Isolation and boredom will often make one go mad, which is the case for the two men in Robert Eggers’ The Lighthouse. A young man and an old veteran have to spend four weeks together on an island to take care of Lighthouse chores and upkeep in the 1890s. A showcase for the acting talents of Robert Pattinson and Willem Dafoe, the arthouse film is a follow-up to Eggers’ modern horror movie.
Beautiful Black & White
First, let’s start with what works. Undeniably, the film is beautiful, and it’s presented in a 1.91:1 aspect ratio to emphasize the claustrophobic experience. The monochrome palette brings out the emotions of the actors and their gritty surroundings, including the phallic lighthouse. The bold editing, integrating eerie shots with hallucinatory sequences, makes for an engaging visual experience. There’s not a single shot in the film that wouldn’t make an alluring framed photo at a high-brow art gallery. And the cinematography is paired with an effective foghorn soundtrack, although downloading it would be a horrible idea.
As for the script, The Lighthouse doesn’t present characters you can relate to easily. There’s plenty of ambiguity, but it often works against a film since you have to reach to care about what’s going on. And yes, people are calling this a horror film, but it’s not unsettling in a scary way at all. Essentially, the film is a collection of dinner scenes that get increasingly maddening and absurd as the story plays out. It’s sporadically funny, but oftentimes you’ll feel the desire to leave, just as the lighthouse keepers wish to do at the end of their four-week shift.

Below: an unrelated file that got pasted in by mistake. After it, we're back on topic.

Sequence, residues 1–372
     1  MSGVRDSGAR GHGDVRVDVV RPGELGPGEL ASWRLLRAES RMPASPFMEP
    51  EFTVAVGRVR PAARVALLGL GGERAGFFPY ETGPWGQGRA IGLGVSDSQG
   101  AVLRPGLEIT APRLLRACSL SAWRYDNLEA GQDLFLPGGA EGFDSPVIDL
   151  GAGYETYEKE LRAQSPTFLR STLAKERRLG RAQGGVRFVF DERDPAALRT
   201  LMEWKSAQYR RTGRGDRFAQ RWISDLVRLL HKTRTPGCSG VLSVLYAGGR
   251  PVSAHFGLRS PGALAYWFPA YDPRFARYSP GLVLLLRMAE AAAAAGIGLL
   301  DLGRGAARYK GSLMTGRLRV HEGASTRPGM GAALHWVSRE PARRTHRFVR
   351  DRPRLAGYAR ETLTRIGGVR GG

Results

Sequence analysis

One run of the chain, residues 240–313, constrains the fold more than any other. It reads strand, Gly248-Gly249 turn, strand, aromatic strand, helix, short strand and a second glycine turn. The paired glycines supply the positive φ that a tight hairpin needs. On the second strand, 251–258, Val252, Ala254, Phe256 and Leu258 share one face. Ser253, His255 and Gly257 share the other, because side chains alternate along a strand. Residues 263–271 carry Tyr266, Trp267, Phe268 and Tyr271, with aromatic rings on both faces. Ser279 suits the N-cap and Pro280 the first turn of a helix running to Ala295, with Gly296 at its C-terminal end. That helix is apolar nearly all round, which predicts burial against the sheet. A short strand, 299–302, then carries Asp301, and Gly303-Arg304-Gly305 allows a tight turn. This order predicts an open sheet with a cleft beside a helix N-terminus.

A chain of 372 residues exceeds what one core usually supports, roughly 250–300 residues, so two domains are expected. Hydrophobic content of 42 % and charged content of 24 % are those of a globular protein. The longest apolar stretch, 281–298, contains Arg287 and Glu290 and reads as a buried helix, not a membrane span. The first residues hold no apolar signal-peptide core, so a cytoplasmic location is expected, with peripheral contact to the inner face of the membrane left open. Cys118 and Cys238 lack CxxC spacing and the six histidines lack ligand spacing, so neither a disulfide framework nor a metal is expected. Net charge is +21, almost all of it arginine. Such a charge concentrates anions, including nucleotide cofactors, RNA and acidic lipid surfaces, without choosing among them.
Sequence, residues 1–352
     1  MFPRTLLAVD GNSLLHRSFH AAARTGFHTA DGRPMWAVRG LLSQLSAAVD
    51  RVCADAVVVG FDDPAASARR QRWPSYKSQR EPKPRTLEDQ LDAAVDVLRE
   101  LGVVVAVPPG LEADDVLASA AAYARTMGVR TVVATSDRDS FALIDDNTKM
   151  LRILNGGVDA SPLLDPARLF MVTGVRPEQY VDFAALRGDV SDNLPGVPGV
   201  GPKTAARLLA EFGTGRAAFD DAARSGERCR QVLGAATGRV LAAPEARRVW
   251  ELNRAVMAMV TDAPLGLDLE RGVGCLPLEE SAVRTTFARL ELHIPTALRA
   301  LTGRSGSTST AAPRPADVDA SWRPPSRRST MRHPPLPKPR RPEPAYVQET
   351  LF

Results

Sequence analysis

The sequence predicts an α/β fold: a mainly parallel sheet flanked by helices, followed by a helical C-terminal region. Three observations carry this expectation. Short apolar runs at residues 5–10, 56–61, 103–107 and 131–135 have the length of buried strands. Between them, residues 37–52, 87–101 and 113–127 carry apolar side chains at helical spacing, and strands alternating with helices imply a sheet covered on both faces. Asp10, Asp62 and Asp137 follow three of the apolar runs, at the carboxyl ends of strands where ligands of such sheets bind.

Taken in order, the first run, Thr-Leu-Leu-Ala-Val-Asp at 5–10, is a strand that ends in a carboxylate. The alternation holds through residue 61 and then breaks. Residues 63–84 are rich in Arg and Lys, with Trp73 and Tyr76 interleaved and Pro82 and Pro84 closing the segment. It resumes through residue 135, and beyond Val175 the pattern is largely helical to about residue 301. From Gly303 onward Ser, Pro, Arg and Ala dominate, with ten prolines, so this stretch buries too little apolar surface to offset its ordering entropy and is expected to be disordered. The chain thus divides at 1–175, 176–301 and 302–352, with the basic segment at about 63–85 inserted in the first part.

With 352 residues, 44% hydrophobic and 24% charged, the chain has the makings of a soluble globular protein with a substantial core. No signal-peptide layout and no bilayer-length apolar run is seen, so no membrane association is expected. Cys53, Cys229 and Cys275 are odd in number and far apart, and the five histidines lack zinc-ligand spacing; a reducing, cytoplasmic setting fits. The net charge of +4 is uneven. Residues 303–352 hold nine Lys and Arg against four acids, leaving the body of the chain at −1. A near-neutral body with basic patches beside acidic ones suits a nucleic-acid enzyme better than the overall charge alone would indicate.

Pattinson & Dafoe Go Mad
Almost the entire film showcases the acting talents of Robert Pattinson and Willem Dafoe. Both actors are devoted to giving it their all, and it shows. However, the characters are not very interesting, no matter how well they’re played by Pattison and Dafoe. At times, Dafoe comes off as an R-rated version of the pirate in SpongeBob Squarepants. The quiet and reserved Ephraim, played by Pattinson, and the loud-mouthed drunken Thomas, embodied by Dafoe, are at their most entertaining when they’re drunk and arguing. The duo plays off each other well, trying to earn the title of the craziest person at the lighthouse.
Eggers gained fame with his spine-tingling The Witch, and he proves that he’s a visual director to be reckoned with in The Lighthouse. However, despite the strong performances and visual panache, the film seems somewhat pretentious. Maybe there’s more to the crowd-splitting film than masturbation, farts, and drunk dinner scenes, but it doesn’t make me care enough to dig deeper.